British skipper Sam Davies on Saturday was in port in Cape Town for repairs on her boat’s keel which has forced her to retire from the Vendee Globe.
Davies’ Imoca 60 monohull hit an unidentified floating object on Wednesday, the force of the collision sending her and the dinner she was eating at the time flying.
“It was as if I had run aground on a rock at the time,” the 46-year-old said.
She confirmed in a video with race organisers on Saturday that although officially now out of the race she hoped to continue her solo round the world odyssey ‘hors course’ (unclassified) after repairs to her boat.
The rules of the solo-round-the-world race prevent competitors seeking any outside assistance.
Davies is determined to continue back to the French port of Les Sables d’Olonne for her own personal satisfaction but also to continue raising awareness for her sponsor-charity supporting cardiac surgery for children.
“If I can fix the boat and go, I’m motivated to do it,” she said.
Reflecting on Wednesday’s accident she said: “I thought I was going to die but once I got through the crisis I thought I was going to stop sailing.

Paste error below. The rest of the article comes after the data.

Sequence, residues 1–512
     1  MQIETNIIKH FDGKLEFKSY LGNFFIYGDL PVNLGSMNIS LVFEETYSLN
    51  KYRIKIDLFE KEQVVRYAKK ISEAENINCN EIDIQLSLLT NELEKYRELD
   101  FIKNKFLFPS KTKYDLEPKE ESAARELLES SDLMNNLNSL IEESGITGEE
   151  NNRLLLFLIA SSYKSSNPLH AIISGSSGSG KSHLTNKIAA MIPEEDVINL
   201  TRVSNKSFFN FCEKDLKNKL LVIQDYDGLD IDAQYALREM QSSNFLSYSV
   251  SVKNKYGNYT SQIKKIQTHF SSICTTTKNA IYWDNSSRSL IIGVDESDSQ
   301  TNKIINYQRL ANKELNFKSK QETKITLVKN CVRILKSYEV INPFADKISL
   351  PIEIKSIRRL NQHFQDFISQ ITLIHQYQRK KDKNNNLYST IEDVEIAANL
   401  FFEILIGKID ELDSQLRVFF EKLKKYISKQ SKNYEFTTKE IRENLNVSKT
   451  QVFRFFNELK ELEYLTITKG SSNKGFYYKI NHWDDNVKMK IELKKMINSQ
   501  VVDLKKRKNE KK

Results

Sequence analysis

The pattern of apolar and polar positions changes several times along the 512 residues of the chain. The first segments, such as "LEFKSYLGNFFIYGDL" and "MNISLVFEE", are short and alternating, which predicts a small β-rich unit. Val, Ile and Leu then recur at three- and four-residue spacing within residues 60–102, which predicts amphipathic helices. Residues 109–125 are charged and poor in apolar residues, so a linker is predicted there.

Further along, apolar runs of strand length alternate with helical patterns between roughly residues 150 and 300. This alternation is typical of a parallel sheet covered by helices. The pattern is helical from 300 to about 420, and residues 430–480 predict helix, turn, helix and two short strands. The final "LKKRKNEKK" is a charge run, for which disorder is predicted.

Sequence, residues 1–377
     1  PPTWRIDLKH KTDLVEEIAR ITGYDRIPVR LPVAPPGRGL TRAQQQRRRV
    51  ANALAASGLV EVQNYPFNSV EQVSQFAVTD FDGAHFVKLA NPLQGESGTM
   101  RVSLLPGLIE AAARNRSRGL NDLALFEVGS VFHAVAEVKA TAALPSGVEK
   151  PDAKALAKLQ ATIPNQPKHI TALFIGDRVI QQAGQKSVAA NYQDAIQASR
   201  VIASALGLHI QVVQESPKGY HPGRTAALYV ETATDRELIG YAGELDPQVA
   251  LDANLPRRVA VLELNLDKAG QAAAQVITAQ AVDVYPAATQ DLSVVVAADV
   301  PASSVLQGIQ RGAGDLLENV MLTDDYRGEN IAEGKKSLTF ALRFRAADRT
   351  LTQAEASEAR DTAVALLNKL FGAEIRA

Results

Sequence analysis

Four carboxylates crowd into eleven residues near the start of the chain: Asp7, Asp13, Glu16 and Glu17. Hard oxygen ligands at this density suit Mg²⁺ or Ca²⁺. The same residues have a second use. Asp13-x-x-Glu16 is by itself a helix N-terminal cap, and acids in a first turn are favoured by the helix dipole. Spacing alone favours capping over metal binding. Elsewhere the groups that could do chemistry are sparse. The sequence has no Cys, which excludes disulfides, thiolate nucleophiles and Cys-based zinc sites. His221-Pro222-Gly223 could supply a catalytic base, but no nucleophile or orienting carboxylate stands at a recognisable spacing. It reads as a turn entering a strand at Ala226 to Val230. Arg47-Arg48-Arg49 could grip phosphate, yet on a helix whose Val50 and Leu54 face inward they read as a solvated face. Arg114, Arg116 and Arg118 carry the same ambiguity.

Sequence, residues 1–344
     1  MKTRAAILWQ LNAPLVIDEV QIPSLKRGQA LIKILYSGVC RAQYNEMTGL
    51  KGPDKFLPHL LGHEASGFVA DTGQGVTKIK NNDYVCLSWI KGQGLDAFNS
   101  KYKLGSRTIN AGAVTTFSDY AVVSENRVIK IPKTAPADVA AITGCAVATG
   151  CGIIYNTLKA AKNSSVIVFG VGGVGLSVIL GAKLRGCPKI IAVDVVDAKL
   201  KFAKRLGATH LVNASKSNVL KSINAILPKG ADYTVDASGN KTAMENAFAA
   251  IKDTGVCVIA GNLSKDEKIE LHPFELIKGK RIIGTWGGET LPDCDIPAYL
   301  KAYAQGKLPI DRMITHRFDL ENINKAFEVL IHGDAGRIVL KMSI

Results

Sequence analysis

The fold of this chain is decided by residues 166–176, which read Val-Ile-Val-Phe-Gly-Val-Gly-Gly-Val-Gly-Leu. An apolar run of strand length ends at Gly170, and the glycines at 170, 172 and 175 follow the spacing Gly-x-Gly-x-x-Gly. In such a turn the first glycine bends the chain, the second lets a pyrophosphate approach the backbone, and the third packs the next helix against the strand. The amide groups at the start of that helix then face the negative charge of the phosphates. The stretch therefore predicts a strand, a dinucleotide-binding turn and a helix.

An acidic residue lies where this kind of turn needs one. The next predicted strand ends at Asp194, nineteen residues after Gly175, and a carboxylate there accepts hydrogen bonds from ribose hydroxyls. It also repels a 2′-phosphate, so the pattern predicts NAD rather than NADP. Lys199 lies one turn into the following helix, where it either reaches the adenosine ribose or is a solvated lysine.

“I thought to myself: “This is stupid, this is nonsense to stop sailing, I don’t want to do that.”
Davies is not the only Vendee casualty in Cape Town, with Alex Thomson stepping ashore there on Friday after nursing his damaged Hugo Boss the 1,800 nautical miles to safety.
And Sebastien Simon is also taking refuge there after his race ended when he too hit a floating object, damaging his starboard foil.
In a drama-filled week at sea Kevin Escoffier had a narrow escape when he was rescued by fellow competitor Jean Le Cam after a giant wave folded his boat in two.
Sailing serenely at the head of the fleet is Charlie Dalin. At the helm of his new generation foil-equipped Apivia he was over 200nm clear of Thomas Ruyant’s LinkedOut.